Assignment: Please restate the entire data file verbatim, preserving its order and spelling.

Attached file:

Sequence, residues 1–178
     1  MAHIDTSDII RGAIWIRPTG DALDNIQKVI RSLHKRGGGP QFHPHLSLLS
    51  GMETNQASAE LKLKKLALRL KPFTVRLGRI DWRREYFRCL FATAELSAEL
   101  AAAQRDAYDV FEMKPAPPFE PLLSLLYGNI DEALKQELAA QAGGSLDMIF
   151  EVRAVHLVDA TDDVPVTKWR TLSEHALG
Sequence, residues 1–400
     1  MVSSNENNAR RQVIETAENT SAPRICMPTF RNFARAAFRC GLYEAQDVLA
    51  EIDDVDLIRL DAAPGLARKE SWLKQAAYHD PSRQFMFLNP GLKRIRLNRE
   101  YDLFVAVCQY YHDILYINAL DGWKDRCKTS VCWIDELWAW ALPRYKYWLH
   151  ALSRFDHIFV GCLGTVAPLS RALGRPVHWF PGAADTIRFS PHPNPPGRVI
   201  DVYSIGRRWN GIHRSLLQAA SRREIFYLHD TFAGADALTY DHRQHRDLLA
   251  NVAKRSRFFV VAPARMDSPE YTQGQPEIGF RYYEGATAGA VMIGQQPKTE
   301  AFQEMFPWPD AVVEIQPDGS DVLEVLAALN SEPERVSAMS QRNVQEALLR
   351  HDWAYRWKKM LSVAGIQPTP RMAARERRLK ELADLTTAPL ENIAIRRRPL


Sequence, residues 1–178
     1  MAHIDTSDII RGAIWIRPTG DALDNIQKVI RSLHKRGGGP QFHPHLSLLS
    51  GMETNQASAE LKLKKLALRL KPFTVRLGRI DWRREYFRCL FATAELSAEL
   101  AAAQRDAYDV FEMKPAPPFE PLLSLLYGNI DEALKQELAA QAGGSLDMIF
   151  EVRAVHLVDA TDDVPVTKWR TLSEHALG
Sequence, residues 1–400
     1  MVSSNENNAR RQVIETAENT SAPRICMPTF RNFARAAFRC GLYEAQDVLA
    51  EIDDVDLIRL DAAPGLARKE SWLKQAAYHD PSRQFMFLNP GLKRIRLNRE
   101  YDLFVAVCQY YHDILYINAL DGWKDRCKTS VCWIDELWAW ALPRYKYWLH
   151  ALSRFDHIFV GCLGTVAPLS RALGRPVHWF PGAADTIRFS PHPNPPGRVI
   201  DVYSIGRRWN GIHRSLLQAA SRREIFYLHD TFAGADALTY DHRQHRDLLA
   251  NVAKRSRFFV VAPARMDSPE YTQGQPEIGF RYYEGATAGA VMIGQQPKTE
   301  AFQEMFPWPD AVVEIQPDGS DVLEVLAALN SEPERVSAMS QRNVQEALLR
   351  HDWAYRWKKM LSVAGIQPTP RMAARERRLK ELADLTTAPL ENIAIRRRPL